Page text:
REDRESS Calls on the Next UK Government to Take Torture Seriously

Ahead of the General Election, REDRESS has released ‘Six steps for the UK to take torture seriously’, a plan ready for adoption by the next Government that addresses current gaps in anti-torture policy and legislation. 

Recent weeks have seen the release of political party manifestos, and while some parties have made ambitious commitments to human rights, none present a comprehensive plan that will prevent torture, ensure that survivors of torture achieve justice and reparation, and hold perpetrators of torture to account in the UK. 

Such a plan is badly needed. Everyone deserves to live in safety, free from torture, but over the last 14 years the Conservative Government has chipped away at the absolute ban on torture – a framework designed to protect us all – undermining international law and putting survivors of torture at risk. 

For instance, in 2015 the UK dropped the Foreign, Commonwealth & Development Office’s Strategy for the Prevention of Torture, which was the UK’s central anti-torture policy, and later absorbed torture and other human rights commitments within a much wider and less focused agenda.  

Since then, the Conservative Government has introduced several new laws and initiatives that threaten the absolute ban on torture. It has attempted to paper over historic crimes, including war crimes, committed in Iraq by British soldiers, by closing investigations or preventing those responsible for international crimes being held to account. 

Recent reports of cover-ups in the investigation of extra-judicial killings by British forces in Afghanistan follow a series of attempts to restrict accountability for British soldiers accused of serious crimes. For example, the Overseas Operations (Service Personnel and Veterans) Act 2021 made it more difficult for civilians to sue the Ministry of Defence for torture and other ill-treatment that took place outside of the UK. It was only after a concerted campaign by human rights groups that international crimes like torture were excluded from a five-year deadline to prosecute crimes, though other limits remain. This was followed by the National Security Act 2023, which protects ministers and officials from being prosecuted if they pass on information to foreign actors that puts people at risk of torture or death. In 2023, the Northern Ireland Troubles (Legacy and Reconciliation) Act came into force, offering pardons under certain conditions to those accused of killings and other serious crimes during the Troubles era, prompting Ireland to bring a case (still pending) against the UK for breaching the European Convention on Human Rights.  

Together, this pattern raises serious concerns that for too long the UK Government has been willing to undermine international law to protect members of its armed forces and other officials.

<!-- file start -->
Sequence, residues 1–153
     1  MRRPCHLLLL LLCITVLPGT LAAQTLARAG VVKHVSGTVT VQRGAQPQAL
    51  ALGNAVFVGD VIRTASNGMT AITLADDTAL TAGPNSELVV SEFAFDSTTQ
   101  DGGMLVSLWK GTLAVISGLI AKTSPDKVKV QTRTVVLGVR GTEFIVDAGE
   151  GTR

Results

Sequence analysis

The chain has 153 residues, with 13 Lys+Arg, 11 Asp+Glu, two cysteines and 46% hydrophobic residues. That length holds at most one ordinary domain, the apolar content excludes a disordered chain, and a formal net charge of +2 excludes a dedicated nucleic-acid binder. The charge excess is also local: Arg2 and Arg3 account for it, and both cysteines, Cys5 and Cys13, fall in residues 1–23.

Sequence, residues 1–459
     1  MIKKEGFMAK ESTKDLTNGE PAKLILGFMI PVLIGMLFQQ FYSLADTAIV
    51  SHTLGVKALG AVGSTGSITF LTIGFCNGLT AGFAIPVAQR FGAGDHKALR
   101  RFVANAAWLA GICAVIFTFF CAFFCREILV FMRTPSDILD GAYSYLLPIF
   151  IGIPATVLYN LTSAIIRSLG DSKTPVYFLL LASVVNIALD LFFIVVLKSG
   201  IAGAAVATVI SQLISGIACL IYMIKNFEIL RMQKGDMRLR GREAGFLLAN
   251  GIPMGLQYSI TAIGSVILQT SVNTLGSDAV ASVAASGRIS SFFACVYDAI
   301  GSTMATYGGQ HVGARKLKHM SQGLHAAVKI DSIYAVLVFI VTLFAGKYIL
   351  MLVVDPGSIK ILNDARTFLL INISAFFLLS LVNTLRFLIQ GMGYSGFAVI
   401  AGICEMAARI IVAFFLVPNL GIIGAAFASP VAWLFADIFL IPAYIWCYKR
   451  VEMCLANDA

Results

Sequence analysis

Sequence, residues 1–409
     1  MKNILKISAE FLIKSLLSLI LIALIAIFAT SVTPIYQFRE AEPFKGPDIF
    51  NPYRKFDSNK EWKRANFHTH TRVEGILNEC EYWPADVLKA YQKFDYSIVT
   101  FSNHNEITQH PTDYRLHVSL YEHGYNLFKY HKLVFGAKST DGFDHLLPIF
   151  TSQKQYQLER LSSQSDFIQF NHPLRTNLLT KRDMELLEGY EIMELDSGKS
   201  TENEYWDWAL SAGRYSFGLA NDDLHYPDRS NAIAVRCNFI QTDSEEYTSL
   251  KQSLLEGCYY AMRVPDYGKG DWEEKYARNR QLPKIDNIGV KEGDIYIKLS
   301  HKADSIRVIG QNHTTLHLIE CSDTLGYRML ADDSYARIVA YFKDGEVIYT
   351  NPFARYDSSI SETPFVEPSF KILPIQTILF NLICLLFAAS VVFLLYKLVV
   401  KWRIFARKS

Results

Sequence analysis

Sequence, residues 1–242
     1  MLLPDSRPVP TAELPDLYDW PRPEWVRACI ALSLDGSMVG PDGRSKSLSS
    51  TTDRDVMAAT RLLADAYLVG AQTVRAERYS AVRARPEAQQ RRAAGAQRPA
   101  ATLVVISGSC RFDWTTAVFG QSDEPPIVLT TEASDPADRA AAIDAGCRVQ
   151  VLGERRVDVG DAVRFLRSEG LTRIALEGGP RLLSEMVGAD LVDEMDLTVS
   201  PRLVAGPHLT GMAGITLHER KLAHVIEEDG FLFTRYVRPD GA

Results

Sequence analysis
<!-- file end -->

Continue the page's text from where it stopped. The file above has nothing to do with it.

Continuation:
A series of damaging laws have unraveled the UK’s protections for asylum seekers, including survivors of torture, while breaching both the Refugee Convention and the UN Convention Against Torture. First the Illegal Migration Act 2023 removed basic human rights and limited the ability for migrants to challenge detention and appeal deportation decisions, putting them at risk of being returned to countries where they were tortured. Then the Safety of Rwanda (Asylum and Immigration) Act 2024 was passed to enable the Government’s policy to send some asylum seekers to have their cases processed in Rwanda, despite recent and credible reports of torture taking place in the country. 

On top of that, the UK Government suspended funding to the United Nations Relief and Works Agency for Palestine Refugees in the Near East (UNRWA), based on information subsequently reported to have been obtained by torture. In some other cases, information shared by UK authorities may have directly led to the torture of British citizens, such as Jagtar Singh Johal. 

The UK’s backsliding on its obligations has led to many of the above issues being flagged by UN bodies that monitor compliance with international law. The UN Committee against Torture raised concerns in its last two reviews of the UK, conducted in 2013 and 2019, about UK’s fulfilment of its obligations under the Convention against Torture. Plus in 2024, the Human Rights Council expressed concern in relation to a number of these areas. 

The next Parliament must demonstrate that the UK does in fact take torture seriously. Britain has historically played an important role in the establishment of international law, including the ban on torture, and it must hold itself to those standards once again to restore its reputation on the global stage. Adopting our six-step plan, which we developed in partnership with survivors of torture and the UK anti-torture movement, would be a strong start. 

The next UK Government should: 

  1. Put torture prevention back on the agenda by introducing a cross-government anti-torture strategy in consultation with survivors of torture.
  2. Place survivors’ voices at the centre of policy by setting up an advisory panel that includes survivors of torture.
  3. Show that the UK takes torture seriously in its legislation by repealing or amending laws that are incompatible with the UK’s international obligations.
  4. Increase protections for Britons against human rights violations abroad by introducing the legal right to consular assistance and an envoy for arbitrary detention.
  5. Bring justice for survivors and hold perpetrators of torture to account by strengthening the UK’s legal framework to prosecute those who commit torture abroad.
  6. Ensure survivors of torture receive the compensation they deserve by introducing laws and regulations that would confiscate money linked to those perpetrating human rights abuses and use that money for reparations. 

Photo: CC by Alan Cleaver